Kiosco Rachell

The second business was another small shop: Kiosco Yosellin (below).  Last year, Edilberto, the business owner, was also not part of the community bank.  The last brigade recommended that she join one so she can access financial literacy workshops, a savings account, and loans. Since then, Edilberto has joined the community bank, received financial literacy workshops, opened a savings account with a total of $300, and is interested in taking a loan for an investment to plant and sell plantains. By now, I am having an “aha moment.”

Picture 3 - Kiosco Yosselin

I was so amazed and excited by the changes from a year ago that I ran to my roommate and filled her in on everything. “Ali, Global Brigades is making a difference!!” I gasped.  Ali, who has worked with Global Brigades longer than me, chuckled and asked, “Yes Tiff…what were you expecting?”

While updating the last business profile, I reflected on Ali’s question and why I got so excited.  Did I really expect Global Brigades, the organization that I work for, to not make an impact in the communities we work in?

The answer was yes. Since I started working for Global Brigades 8 months ago, I focused most of attention on and got lost in the small details of my job. From meetings with different programs, checking in with students, receiving feedback from presidents, and sending emails, I forgot what the vision and mission of Global Brigades meant for the partnering communities.  While constantly reminding students that development is a slow process, I forgot that ‘a slow process’ did not mean ‘no progress.’

After realizing this, I chuckled to myself because less than a year ago, I had dreams of ending corruption on a national scale to provide rural communities access to basic necessities. I was convinced that international development was that simple.  Today, before my ‘aha moment’ I had changed my expectations so much that my expectations became ‘no changes’. The reality is, yes, development is slow and takes a lot of time and patience.  But even the smallest change in communities, such as a Pablo and Edilberto joining a community bank, is progress! This ‘aha moment’ I had from updating their business profiles is progress that I will remind myself of when I get swamped with emails and meetings at the office. This progress is what I look forward to telling students when they ask me, “Are we making an impact in these communities?”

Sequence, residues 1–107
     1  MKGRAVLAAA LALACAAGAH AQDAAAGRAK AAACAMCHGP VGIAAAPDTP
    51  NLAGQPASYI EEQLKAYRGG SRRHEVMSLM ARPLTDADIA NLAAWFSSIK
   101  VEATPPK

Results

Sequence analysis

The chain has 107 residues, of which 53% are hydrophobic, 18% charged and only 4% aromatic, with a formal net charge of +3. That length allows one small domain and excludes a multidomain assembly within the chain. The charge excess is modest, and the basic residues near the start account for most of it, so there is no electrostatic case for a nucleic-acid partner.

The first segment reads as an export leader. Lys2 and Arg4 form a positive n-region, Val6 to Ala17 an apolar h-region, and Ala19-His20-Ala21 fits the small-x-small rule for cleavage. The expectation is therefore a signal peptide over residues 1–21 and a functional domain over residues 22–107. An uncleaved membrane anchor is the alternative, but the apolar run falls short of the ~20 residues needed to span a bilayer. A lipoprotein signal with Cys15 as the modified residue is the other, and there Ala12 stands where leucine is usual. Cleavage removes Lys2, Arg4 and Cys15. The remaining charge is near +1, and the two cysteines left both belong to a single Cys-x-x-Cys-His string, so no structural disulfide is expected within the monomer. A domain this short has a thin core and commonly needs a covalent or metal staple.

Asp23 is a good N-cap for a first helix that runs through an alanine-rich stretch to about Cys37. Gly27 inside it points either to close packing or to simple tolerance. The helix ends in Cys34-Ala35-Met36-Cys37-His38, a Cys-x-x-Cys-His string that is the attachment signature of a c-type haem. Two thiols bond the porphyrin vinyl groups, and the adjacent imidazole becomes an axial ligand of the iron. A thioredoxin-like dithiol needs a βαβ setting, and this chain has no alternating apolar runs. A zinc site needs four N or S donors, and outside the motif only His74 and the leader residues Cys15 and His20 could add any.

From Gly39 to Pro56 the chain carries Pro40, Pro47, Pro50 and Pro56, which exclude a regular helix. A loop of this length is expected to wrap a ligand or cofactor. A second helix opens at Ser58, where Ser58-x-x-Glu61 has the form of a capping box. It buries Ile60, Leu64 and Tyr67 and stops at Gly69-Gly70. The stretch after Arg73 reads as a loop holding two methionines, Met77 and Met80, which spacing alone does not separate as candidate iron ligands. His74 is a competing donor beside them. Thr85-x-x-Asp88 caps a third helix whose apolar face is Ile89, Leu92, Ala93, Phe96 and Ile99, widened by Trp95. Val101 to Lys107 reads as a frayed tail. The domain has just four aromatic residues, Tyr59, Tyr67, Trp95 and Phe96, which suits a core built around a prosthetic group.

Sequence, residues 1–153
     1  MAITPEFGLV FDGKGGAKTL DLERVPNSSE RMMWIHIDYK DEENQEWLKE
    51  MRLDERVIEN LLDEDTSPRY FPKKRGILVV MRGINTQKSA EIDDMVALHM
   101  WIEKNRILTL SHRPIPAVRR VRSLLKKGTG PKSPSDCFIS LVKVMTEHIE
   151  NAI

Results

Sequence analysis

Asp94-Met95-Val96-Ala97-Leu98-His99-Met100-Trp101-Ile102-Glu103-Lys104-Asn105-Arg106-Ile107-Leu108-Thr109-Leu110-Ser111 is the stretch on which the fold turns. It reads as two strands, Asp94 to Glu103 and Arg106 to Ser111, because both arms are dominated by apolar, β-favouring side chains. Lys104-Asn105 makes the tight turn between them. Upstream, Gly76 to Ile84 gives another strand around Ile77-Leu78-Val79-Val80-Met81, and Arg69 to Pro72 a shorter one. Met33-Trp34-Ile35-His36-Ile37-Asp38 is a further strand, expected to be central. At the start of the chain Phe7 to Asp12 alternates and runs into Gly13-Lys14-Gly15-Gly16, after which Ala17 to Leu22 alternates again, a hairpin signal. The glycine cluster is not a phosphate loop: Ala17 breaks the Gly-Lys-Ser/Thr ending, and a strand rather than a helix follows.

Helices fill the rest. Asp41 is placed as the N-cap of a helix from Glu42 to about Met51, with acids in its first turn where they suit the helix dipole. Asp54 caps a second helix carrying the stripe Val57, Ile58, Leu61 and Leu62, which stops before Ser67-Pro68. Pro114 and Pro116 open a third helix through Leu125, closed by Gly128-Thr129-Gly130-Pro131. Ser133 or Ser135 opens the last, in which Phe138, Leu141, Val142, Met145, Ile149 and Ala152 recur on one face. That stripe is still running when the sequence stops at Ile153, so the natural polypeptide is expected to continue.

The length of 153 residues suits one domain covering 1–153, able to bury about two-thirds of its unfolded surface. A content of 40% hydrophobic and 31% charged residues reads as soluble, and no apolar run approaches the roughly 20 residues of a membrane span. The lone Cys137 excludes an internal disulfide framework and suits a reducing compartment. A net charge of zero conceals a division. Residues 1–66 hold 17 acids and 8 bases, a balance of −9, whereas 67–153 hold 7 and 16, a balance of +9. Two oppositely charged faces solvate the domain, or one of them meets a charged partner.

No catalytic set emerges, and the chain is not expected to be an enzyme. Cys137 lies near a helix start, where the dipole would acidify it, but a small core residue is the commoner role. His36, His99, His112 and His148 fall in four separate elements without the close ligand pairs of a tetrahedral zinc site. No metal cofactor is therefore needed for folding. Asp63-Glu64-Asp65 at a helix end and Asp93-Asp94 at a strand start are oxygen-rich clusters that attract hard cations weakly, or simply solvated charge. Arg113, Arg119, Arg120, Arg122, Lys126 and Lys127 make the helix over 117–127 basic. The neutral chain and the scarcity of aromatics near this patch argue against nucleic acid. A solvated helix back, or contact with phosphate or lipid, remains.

ABOUT TIFFANY KAO

My name is Tiffany and I currently work for Global Brigades in Panama.  I graduated from the University of Southern California in May 2014 with a bachelor’s degree in Chemical Engineering. I was first introduced to international development after traveling to Honduras with Engineers Without Borders to build a water delivery filtration system. This led me to spend my next summer in rural Kenya to create an economic development project with community members. Upon graduation, I started working for Global Brigades as a Program Associate.  I work with the Microfinance, Business, Environmental, and Human Rights Programs, also known as the Sustainable Development Programs in Panama.  After Global Brigades, I hope to work for another non-profit or NGO to gain more experience in international development and eventually go to business school later on!